|CALCITE MINERAL FACTS|
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Calcite Mineral Facts:
Chemical Formula: CaCO3
Colors: Colorless and when pure, but often colored by impurities. May be variously tinted, gray, red, green, blue, yellow, or even brown to black when very impure
Cleavage: Perfect cleavage parallel to unit rhombohedron (angle of rhombohedron = 105 and 75). The cleavage of calcite is so perfect that crystals when shattered by a hammer blow usually break into perfect little rhombohedrons.
Crystallography: Hexagonal - Rhobohedral
Luster:. Vitreous to earthy.
Optics: (Refractive Index): Transparent to opaque. RI: w = 1.658; E = 1.486; Strong Double Refraction
Structure and Associated Minerals:
Theoretically, calcite contains 56 per cent CaO and 44 per cent CO2, but practically the mineral contains also small quantities of Mg, Fe, Mn, Zn and Pb, metals whose carbonates are isomorphous with Calcite. It is a very poor conductor of electricity.
The principal varieties of the mineral to which distinct
names have been given are:
Calcite, Fine Crystals
Identification and Diagnostics
Localities and Origins:
Calcite is doubly refractive, splitting light in two.
Calcite has many important uses. In the form of Iceland spar, on account of its strong double refraction, it is employed in optical instruments for the production of polarized light. Calcite rocks are used as building and ornamental stones. Marbles are used very extensively as ornamental and building material. The most important marble quarries in the United States are found in Vermont, New York, Georgia, Tennessee, etc. Calcite is also employed as fluxes in smelting operations, as one of the ingredients in glass-making and in the manufacture of lime, and certain ground improving fertilizers. The most important use for calcite is for the manufacture of lime for mortars and cements. Limestone when heated to about 1000 F. loses its carbonic acid, and is converted into quicklime, CaO. This, when mixed with water (staked lime), swells, gives off much heat, and finally by absorption of carbon dioxide from the air hardens, or, as commonly termed, "sets." The chemistry of the process of their hardening is not fully understood, but various silicates of calcium and aluminium are probably formed.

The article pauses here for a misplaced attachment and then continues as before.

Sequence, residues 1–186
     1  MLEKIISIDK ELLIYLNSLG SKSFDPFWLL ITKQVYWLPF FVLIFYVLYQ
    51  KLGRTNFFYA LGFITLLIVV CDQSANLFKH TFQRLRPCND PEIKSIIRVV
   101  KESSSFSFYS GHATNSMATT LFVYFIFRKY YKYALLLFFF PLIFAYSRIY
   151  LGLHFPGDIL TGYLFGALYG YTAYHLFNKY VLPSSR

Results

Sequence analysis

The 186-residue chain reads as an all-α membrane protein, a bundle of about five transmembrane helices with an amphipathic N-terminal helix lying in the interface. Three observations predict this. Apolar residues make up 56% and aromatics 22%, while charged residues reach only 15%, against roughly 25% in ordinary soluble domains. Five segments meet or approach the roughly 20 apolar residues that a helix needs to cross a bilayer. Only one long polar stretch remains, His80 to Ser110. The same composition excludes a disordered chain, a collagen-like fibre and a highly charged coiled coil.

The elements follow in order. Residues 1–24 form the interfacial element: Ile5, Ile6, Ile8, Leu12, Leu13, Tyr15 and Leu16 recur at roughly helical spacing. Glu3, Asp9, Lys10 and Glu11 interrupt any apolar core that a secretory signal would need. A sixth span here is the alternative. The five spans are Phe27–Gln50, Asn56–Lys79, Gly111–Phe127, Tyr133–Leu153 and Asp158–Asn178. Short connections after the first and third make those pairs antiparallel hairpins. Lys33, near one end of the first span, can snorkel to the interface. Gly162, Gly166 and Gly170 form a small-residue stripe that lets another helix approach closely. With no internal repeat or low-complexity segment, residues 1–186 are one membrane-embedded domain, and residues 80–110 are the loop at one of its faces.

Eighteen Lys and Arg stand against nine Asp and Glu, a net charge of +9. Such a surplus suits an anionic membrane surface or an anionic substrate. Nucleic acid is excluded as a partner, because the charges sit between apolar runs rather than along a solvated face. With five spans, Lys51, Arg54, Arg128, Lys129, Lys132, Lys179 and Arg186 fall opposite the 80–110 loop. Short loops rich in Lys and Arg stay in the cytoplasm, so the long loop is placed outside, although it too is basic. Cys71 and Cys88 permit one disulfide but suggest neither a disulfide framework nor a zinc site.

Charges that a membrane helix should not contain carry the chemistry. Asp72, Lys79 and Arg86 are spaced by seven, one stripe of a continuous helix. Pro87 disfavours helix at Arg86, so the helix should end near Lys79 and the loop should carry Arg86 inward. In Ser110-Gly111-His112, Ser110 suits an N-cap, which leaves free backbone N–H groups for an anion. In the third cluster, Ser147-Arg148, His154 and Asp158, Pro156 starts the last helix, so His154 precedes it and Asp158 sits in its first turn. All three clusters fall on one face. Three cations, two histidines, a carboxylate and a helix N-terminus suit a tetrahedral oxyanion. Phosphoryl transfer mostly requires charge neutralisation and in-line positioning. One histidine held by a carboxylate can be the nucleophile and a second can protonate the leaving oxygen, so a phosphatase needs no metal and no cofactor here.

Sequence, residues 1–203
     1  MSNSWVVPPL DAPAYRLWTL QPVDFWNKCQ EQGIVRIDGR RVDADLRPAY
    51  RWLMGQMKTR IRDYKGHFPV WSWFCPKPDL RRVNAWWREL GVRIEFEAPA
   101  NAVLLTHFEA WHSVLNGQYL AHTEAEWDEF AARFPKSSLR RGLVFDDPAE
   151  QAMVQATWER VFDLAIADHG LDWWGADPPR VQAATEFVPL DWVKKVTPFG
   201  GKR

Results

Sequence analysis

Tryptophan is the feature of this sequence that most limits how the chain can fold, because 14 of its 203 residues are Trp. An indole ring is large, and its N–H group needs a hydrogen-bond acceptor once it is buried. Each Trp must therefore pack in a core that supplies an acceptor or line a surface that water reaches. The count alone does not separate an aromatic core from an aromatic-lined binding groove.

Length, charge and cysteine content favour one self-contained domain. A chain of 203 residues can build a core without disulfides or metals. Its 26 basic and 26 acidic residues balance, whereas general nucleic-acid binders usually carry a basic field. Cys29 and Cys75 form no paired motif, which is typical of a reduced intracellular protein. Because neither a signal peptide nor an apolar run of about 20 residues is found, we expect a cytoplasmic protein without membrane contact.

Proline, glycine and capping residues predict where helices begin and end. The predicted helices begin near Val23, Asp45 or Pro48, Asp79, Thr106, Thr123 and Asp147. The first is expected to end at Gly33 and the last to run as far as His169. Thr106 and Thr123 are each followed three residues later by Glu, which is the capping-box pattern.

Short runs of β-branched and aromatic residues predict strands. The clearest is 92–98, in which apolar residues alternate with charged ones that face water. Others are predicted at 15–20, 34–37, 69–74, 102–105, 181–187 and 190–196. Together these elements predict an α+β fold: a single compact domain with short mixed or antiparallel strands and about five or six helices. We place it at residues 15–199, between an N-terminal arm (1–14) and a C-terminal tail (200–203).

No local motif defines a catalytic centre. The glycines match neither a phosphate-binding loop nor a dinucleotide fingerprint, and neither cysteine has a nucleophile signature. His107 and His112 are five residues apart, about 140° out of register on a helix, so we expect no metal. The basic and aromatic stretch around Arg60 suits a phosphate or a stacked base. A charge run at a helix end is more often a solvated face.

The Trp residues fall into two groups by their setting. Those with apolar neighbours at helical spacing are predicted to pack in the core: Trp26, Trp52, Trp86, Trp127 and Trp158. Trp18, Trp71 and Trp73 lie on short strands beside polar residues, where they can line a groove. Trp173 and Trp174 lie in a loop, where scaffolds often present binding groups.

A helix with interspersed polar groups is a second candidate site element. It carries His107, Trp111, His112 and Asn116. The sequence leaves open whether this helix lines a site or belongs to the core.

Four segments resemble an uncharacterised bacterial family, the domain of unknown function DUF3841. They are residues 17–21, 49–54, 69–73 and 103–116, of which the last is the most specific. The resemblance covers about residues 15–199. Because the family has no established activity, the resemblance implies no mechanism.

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Green calcite, showing cleavage lines
Please note that the author, Chris Ralph, retains all copyrights to this entire document and it may not be reproduced, quoted or copied without permission.
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